Tuesday, July 30th, 2013
Last Wednesday, July 24th, 77 plastics professionals came to Washington, D.C. from all parts of the U.S. and the plastics supply chain, and when the day was done they had put the concerns of the plastics industry on the front burners of 90 members of Congress, despite the day being a busy one with many votes to attend.
It was a record turnout for this annual event, and much of the credit for that must go to the broad support from eight separate plastics-related associations listed below. The rest of us in the plastics industry, whatever part of it we work in, should thank those who took the time to travel to the nation’s capital and carry our concerns into the halls of Congress. Feet on the ground, in the Congressional office buildings in this case, are important.
When Senators and Representatives hear the issues that are negatively impacting plastics businesses directly from industry professionals, and when those professionals and their businesses are located in the state or district of that member of Congress, they listen harder. Last Wednesday those plastics professionals we’re calling our plastics champions got that job done—make that jobs, plural.
Also plural were the important issues facing the plastics industry that were set for discussion. For example:
Energy policy — The plastics industry is particularly dependent upon domestic energy development and efficiency. Energy recovery must also be an increasing priority within an overall sustainability framework.
Green building standards — Our industry has major concerns over the U.S. government’s adoption of the USGBC’s LEED standards, and we advocate for using a range of plastics materials to meet critical building performance goals.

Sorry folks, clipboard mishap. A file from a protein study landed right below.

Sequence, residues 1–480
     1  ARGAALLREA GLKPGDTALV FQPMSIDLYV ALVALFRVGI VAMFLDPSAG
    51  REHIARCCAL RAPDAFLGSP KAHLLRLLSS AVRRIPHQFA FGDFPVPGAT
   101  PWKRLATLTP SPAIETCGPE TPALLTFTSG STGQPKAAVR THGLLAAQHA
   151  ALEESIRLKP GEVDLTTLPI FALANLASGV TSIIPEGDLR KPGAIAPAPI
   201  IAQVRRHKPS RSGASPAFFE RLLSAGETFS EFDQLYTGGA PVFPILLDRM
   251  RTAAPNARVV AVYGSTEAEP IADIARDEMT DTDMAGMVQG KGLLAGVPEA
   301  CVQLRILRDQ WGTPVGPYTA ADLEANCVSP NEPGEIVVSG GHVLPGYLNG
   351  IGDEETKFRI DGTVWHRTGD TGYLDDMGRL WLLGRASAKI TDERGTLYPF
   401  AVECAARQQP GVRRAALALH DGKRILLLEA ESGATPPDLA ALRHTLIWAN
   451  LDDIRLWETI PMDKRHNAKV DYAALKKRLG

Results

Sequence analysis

Economic policy — For lasting growth, the nation’s businesses need economic policy that brings certainty, free of budgetary brinksmanship, to stimulate confidence, investment and job creation.
Chemical regulation — We support modernization of the Toxic Substances Control Act (TSCA) using a risk-based approach to chemical regulation, and the bipartisan Senate TSCA bill S.1009.
Science-based decision making — Federal agencies such as EPA, OSHA, and FDA hold enormous power over the plastics industry now and for the future. Regulations must be based on sound science.
If you are a plastics professional who did not participate in the Fly-In, this is not an attempt to lay a guilt trip on you. I wasn’t there this year either. But I have participated in the past and stand convinced that it’s a task worth doing. So if you would like to represent the plastics industry during the next Annual Plastics Industry Fly-In, I urge you to jump in. It’s easy to do and I’m sure you’ll be glad you did.
You don’t have to be a member of any of the eight sponsoring associations to participate; being a plastics professional who wants to score points for our industry is all it takes. This year’s Fly-In sponsor associations were: American Chemistry Council (ACC), American Mold Builders Association (AMBA), International Association of Plastic Distribution (IAPD), Plastic Pipe and Fittings Association (PPFA), Plastics Pipe Institute (PPI), SPI: The Plastics Industry Trade Association, Vinyl Institute (VI), and Western Plastics Association (WPA).
Congratulations to all involved on a job well done.